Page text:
The split into black and white gives us a point of reference in a here and now characterised by the uncertainty of the fleeting moment. No colour represents this diversity more than grey. It stands for the multitude of facets of our life and inspires us to keep exploring new perspectives. After all, nothing is either black or white.
The dial facet has lots of other treats for the onlooker, particularly those linked into the perpetual calendar as well as also the rattrapante chronograph. The former consists of 206 parts, nearly a third of their 684 total component count of the L133.1 caliber. Lange’s moon stage is “accurate to 122.6 decades” — mind you, which “accuracy” means that it requires that much time to get the moon phase display to be off by a comprehensive moment. This sort of arbitrary way is the way the accuracy of moon phase displays in watches is usually ascertained, not that anyone actually cares about real practicality beyond its aesthetic and engineering element.The rattrapante chronograph on the other hand is among the most technically impressive and hard complications out there. A few watchmakers I asked told me they find it even more challenging to perform than the usual sonnerie or moment repeater, and definitely a much bigger pain in the neck compared to a perpetual calendar (unless it’s instantaneous and/or further complicated). The two laser sharp chronograph seconds palms rest a hair’s width over one another in their own reset position, with the blue being the rattrapante hand, operated by the pusher in the 10 o’clock position of this circumstance.
Many Lange watches put me in actual pain, I need them so much. If someone has copyrighted that previously, have his lawyer contact mine. Just as it is a heavy weight horological muscle-flexer of a watch, a watch that’s so overdone, its doping has enabled but a couple of small segments in the Lange DNA to endure such abusive treatment. In truth, we’ve observed the combination of a round case, perpetual calendar and moon phase in sub-dials, and a chronograph many times earlier. Many, many times, because that’s how really spoiled we are. The Tourbograph even reveals some skin (beautiful skin, actually) at 6 o’clock to allow you to know not only using its own font selection and ever-so-slightly unique lugs that it’s a Lange.I fully comprehend the value and the awe-inspiring goodness at the bespoke, not-copied-from-anyone-else engineering that is under the hood of this Tourbograph Perpetual, however we aren’t speaking about an uncased movement here, but a complete watch. On that note, anyone who doesn’t tingle at the sight of the movement should seek medical attention, quick! To have a more positive attitude to what unquestionably is a watchmaking masterpiece, then we have to look at the myriads of nice details the Tourbograph offers.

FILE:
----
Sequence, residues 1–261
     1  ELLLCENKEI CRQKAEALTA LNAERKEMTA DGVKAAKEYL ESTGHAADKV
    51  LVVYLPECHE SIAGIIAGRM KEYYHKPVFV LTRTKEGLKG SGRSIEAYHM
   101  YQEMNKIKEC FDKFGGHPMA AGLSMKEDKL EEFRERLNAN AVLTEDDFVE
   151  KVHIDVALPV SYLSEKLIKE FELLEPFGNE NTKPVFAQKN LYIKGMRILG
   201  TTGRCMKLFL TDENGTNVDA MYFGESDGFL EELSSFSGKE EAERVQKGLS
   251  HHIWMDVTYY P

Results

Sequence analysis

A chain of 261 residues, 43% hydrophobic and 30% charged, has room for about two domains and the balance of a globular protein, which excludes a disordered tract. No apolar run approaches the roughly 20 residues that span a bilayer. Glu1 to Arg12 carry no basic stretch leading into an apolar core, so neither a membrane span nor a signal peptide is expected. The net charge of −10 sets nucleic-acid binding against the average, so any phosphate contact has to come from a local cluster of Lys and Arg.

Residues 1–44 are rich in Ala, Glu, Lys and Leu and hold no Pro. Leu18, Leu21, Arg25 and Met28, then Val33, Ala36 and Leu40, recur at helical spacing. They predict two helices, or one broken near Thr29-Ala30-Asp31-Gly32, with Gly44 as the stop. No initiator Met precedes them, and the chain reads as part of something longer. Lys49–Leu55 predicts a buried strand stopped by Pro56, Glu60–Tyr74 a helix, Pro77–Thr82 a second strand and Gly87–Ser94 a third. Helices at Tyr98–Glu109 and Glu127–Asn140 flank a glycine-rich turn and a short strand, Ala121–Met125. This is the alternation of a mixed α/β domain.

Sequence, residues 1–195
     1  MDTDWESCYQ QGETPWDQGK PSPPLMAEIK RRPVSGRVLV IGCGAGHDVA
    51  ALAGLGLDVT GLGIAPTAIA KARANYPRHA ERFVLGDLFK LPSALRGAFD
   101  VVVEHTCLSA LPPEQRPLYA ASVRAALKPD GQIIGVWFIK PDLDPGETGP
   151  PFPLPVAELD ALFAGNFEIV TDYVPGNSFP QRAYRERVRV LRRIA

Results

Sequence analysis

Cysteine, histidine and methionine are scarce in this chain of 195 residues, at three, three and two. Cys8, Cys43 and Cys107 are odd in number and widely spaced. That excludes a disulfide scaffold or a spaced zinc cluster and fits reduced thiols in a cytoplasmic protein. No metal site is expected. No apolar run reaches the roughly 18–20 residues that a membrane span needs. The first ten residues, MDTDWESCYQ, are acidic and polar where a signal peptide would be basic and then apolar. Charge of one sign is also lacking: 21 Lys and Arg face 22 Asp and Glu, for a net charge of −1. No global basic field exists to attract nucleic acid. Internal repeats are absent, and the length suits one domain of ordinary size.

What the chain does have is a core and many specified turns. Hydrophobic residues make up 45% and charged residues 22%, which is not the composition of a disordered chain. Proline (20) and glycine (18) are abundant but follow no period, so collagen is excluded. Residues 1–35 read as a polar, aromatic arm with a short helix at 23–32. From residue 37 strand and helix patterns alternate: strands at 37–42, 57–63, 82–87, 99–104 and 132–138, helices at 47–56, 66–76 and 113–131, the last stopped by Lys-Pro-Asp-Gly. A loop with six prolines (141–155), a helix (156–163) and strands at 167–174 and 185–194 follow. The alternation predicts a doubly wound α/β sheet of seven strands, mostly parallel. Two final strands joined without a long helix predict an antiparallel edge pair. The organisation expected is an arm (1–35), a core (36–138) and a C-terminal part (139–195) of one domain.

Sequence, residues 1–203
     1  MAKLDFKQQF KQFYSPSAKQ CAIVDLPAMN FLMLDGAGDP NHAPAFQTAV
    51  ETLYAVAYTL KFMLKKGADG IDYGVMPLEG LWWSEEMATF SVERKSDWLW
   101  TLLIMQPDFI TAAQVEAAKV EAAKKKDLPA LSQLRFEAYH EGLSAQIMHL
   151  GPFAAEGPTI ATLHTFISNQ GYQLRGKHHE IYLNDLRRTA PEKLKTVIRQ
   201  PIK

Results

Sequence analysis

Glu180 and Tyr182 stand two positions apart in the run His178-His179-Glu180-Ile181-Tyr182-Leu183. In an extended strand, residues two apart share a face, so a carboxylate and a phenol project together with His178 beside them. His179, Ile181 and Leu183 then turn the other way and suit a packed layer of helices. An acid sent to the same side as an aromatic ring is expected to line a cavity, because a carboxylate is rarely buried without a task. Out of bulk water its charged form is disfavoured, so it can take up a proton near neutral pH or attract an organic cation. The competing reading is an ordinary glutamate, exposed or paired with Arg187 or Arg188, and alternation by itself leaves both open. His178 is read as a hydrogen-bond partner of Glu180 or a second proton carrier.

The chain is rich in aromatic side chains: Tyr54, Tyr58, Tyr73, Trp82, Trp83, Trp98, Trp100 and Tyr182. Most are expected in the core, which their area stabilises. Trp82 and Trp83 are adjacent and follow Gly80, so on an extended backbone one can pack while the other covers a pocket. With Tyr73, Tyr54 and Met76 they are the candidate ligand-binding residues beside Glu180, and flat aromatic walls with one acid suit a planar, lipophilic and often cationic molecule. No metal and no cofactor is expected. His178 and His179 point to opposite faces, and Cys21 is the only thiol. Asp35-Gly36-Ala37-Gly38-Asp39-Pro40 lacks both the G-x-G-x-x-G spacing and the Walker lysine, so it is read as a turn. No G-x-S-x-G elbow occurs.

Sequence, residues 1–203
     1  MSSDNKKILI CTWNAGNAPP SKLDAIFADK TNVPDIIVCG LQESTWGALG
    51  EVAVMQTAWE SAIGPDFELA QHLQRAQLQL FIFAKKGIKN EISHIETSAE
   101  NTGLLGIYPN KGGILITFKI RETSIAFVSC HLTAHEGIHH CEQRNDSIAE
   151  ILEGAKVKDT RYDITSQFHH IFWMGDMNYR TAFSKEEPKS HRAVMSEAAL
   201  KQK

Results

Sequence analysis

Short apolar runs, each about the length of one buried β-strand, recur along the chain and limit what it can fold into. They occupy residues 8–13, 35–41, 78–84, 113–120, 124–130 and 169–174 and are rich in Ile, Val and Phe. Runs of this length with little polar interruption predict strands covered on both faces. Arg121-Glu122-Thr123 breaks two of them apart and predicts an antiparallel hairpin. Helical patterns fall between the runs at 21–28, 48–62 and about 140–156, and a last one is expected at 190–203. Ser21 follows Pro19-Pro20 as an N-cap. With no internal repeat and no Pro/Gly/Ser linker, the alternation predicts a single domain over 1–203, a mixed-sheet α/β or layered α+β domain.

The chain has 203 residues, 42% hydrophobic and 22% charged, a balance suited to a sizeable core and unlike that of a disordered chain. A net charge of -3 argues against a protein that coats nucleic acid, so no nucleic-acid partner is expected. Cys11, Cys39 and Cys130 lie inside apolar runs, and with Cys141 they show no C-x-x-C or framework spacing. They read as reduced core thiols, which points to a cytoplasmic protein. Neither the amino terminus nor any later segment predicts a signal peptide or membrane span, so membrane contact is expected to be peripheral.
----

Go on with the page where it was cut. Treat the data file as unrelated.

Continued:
The richness of facets embedded in grey is reflected in the dial of the Lange 31 by A. Lange & Söhne: depending on the incident light, it mesmerises the observer with ever-new shades of grey. It inspired British artist Sebastian Kite to get to the bottom of this ‘achromatic colour’ and its countless nuances that can never be fully deciphered by the human eye.
Lange 31 © A. Lange & Söhne
Now this view is available as the Datograph Auf/Ab; the movement has been improved and a power-reserve screen has been added. There’s also a version with a perpetual calendar, the Datograph Perpetual.The Lange 31 has been named for its power reserve: an astonishing 31 days. These include two stacked barrels, each having a strong mainspring that is 1.85 meters long, a few times longer than a typical mainspring. The barrels are 25 mm across and occupy three-quarters of this movement diameter.With a power book this long, and springs this strong, the amplitude of the balance would decline considerably over time if nothing had been done to maintain it. However, Lange has set an advanced constant-force apparatus between the twin mainspring barrels as well as the escapement. It ensures a constant stream of force, independent of their tautness or slackness of the mainsprings. It accomplishes this with the aid of a helical, pretensioned spring (a so-called remontoir spring), which can be retightened every 10 seconds, also, over the following 10 seconds, delivers energy to the escapement. There are minimal changes in torque during the 10 seconds, however, the energy exerted stays nearly constant on average throughout the 31 days. When that interval has elapsed, an extra mechanism just stops the watch.